• Potential Toxin Exposure
    • There are three main sources of coffee contamination with possible toxins: roasting, which produces ash and other toxins, soil, water, and air pollution, which are absorbed by coffee plants during growth, and drinking water contamination (1)(6).
    • Two common toxic contaminants found in coffee are Polyaromatic Hydrocarbons (PAHs) and Acrylamide. These toxins can increase risk for:
      • Genetic damage.
      • Cancer (e.g., breast, lung, and colon cancer).
      • Diabetes, cardiovascular disease, autoimmune disorders, and inflammatory processes (all the things the antioxidants in coffee can help reduce).
    •  Other toxins like heavy metals (e.g., lead and cadmium) are thought to exist in coffee in very small doses but can accumulate in the body over time, especially with high consumption. There are currently no regulations about the amount of PAH, Acrylamide, or other toxins that can be included in coffee.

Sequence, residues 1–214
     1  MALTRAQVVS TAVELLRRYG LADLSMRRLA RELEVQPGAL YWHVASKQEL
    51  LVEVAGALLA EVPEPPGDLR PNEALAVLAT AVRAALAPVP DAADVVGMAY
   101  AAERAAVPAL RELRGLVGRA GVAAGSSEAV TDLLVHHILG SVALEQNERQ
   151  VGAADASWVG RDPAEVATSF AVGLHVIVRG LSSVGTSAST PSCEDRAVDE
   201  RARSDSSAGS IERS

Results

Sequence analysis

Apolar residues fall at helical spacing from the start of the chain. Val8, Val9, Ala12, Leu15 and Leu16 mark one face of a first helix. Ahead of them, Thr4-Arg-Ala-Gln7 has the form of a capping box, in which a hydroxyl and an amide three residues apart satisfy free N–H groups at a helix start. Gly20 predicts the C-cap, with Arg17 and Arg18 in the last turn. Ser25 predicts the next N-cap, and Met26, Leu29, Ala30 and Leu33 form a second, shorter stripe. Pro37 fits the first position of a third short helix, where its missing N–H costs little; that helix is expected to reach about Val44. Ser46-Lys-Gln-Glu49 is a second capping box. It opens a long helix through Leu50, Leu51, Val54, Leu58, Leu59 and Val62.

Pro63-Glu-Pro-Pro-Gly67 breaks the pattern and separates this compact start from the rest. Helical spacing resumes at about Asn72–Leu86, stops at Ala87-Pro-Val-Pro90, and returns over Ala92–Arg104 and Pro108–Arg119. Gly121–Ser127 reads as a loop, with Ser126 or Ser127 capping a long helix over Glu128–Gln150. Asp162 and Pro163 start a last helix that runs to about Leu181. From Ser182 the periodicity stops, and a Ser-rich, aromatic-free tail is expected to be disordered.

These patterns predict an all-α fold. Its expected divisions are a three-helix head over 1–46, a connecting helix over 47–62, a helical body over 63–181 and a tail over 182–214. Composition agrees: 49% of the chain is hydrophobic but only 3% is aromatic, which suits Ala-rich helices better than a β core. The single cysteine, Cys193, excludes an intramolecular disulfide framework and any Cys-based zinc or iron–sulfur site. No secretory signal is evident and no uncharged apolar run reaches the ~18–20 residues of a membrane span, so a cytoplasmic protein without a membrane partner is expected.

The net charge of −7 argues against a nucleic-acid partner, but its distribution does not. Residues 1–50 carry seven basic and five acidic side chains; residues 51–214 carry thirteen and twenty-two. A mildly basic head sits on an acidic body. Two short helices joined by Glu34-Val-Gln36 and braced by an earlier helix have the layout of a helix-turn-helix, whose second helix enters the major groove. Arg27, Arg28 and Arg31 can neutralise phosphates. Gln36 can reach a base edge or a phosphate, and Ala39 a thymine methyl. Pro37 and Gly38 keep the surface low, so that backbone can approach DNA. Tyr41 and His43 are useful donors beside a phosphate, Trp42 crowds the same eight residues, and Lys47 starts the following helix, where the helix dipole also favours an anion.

coffee, espresso, latte white muffin tray on top of white ceramic mug white ceramic mug with black liquid

  • High Blood Pressure, Heart Palpitations, & Cardiac Arrythmias
    • Coffee can cause a short but dramatic increase in blood pressure that can be harmful for those who already have hypertension, are prone to cardiovascular problems, or consume coffee after engaging in sustained cardiovascular exercise (when the heart requires rest). The caffeine content in coffee can cause heart palpitations or cardiac arrhythmias. Those with heart issues should discuss this with a doctor.
    • The Mayo Clinic advises limiting caffeine intake to 200 mg per day (about 16 ounces of brewed coffee) for those with high blood pressure or heart disease.
  • Compromised Performance and Recovery
    • The elevation in blood pressure and heart rate that caffeine induces can compromise recovery if coffee is consumed after a large exertion (in which the heart needs to slow down to recover).
    • The caffeine in coffee can also induce vasoconstriction – which can be helpful at low doses but can limit blood oxygen supply if it occurs in excess.